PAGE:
Severe Solar Storm Impacts Tech: GPS, Satellites and More

NOAA Warns of Ongoing ‘Extreme’ Solar Storm: What You Need to Know

Following a night of dazzling auroras across large parts of the United States and Europe, an intense geomagnetic storm is expected to persist through the weekend. The US-based National Oceanic and Atmospheric Prediction Center’s Space Weather Prediction Center announced “Extreme” G5 conditions on Saturday morning, attributing these to an increase in Solar activity. For instance, the threat of further potent flares and CMEs (coronal mass ejections) is anticipated until the large, magnetically complex sunspot cluster rotates out of sight in the coming days.

Impacts of the Solar Storm: A Mixed Bag

Friday night’s escalated Solar activity was a spectacle for many, with regions unaccustomed to the northern lights, including the US, Europe, and other areas, witnessing vibrant lights as energetically charged particles from the Solar storm passed through the Earth’s atmosphere. Consequently, the skies turned brilliantly pink as far south as Texas. With the forecast indicating continued Solar activity, another night of extended northern lights is possible on Saturday. However, the storm has also caused detrimental effects.

According to NOAA, irregularities in power grid transmissions have been recorded, alongside degraded satellite communications and GPS services. Moreover, users of SpaceX’s Starlink satellite internet constellation have reported slower download speeds. In a tweet, SpaceX founder Elon Musk acknowledged that the company’s Starlink satellites were “under a lot of pressure, but holding up so far”.

Historical Context: The Most Intense Solar Storm in Over Two Decades

This is the most severe Solar storm recorded in more than 20 years. The last G5 event, the most extreme category of such storms, occurred in October 2003 when electricity issues were reported in Sweden and South Africa. Should this storm intensify over the next day or two, scientists warn of potential risks including more widespread power blackouts, disabled satellites, and long-term damage of GPS networks.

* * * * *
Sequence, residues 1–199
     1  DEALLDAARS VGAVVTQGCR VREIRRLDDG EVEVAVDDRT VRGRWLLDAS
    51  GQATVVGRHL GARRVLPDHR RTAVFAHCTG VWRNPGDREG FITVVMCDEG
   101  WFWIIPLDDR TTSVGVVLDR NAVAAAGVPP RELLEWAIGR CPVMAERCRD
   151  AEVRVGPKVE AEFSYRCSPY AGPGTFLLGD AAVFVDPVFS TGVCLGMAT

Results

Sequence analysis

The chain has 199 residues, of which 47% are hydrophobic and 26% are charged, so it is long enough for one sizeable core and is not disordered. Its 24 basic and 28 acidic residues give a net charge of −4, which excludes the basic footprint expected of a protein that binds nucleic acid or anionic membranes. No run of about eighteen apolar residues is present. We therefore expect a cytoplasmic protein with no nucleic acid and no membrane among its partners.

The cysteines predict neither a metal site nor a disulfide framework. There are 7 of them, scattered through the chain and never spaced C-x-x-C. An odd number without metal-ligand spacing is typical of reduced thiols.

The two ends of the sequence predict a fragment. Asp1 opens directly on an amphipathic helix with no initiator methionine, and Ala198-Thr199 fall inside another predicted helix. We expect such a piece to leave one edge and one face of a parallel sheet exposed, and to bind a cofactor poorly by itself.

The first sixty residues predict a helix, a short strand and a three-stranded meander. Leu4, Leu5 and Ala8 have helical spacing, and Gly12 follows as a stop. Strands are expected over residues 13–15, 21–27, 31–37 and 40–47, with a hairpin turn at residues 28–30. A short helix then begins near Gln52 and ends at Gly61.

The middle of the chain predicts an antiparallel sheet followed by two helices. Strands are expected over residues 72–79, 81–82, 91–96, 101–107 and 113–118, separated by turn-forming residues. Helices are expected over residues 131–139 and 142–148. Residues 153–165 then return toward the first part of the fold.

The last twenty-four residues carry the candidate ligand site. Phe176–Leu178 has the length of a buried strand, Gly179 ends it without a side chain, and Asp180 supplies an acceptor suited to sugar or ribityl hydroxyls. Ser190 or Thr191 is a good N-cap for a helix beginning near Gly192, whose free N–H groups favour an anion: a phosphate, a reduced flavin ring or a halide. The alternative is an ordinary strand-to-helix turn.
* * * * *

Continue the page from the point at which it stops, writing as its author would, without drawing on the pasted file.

Understanding the Cause of Solar Storms

Solar storms are triggered when the Sun ejects a substantial amount of its magnetic field and plasma into the Solar wind. The underlying causes of these coronal mass ejections, deeper in the Sun, are not fully understood. However, data collected by NASA’s Parker Solar Probe and other observations aim to help scientists better comprehend and predict such phenomena. When these coronal mass ejections reach Earth’s magnetic field, they alter it and can introduce significant currents into electricity lines and transformers, leading to damages or outages.

Looking towards the future, it’s crucial to understand these Solar phenomena, not just for the spectacular light shows they produce, but for the potential disruptions they can cause to our increasingly technology-dependent world. As we continue to explore and harness the power of technology, our ability to predict and mitigate the effects of events like these will shape our resilience in the face of celestial challenges. The dynamic nature of technology, therefore, is not just about advancements on Earth, but also about understanding and managing our relationship with the cosmos.